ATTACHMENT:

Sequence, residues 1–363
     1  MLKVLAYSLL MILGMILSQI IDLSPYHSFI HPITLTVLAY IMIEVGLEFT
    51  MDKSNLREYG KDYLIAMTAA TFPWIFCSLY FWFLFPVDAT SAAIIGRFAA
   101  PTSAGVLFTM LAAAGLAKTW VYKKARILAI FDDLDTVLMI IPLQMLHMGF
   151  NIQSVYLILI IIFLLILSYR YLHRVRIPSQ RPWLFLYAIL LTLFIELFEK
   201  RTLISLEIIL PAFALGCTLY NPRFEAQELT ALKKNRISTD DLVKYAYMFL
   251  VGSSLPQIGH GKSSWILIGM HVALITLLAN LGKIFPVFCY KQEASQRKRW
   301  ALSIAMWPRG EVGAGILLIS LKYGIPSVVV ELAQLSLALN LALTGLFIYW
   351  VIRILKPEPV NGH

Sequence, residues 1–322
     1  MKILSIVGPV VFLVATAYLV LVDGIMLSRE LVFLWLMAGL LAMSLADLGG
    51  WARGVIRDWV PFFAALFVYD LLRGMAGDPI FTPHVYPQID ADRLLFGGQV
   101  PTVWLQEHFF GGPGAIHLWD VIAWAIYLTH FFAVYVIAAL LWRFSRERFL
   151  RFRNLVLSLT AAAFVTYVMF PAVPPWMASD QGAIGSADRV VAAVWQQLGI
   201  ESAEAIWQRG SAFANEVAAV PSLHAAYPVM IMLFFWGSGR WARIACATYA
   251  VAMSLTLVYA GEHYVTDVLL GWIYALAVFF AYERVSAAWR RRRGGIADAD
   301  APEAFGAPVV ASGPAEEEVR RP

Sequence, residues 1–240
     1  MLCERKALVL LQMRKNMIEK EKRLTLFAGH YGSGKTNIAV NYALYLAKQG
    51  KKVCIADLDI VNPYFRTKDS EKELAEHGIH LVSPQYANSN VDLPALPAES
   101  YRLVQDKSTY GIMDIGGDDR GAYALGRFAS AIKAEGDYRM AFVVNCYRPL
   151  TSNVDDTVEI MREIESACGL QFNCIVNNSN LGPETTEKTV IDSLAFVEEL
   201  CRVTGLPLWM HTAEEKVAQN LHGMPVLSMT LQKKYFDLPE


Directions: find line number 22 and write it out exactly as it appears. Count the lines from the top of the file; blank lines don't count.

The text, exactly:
   151  TSNVDDTVEI MREIESACGL QFNCIVNNSN LGPETTEKTV IDSLAFVEEL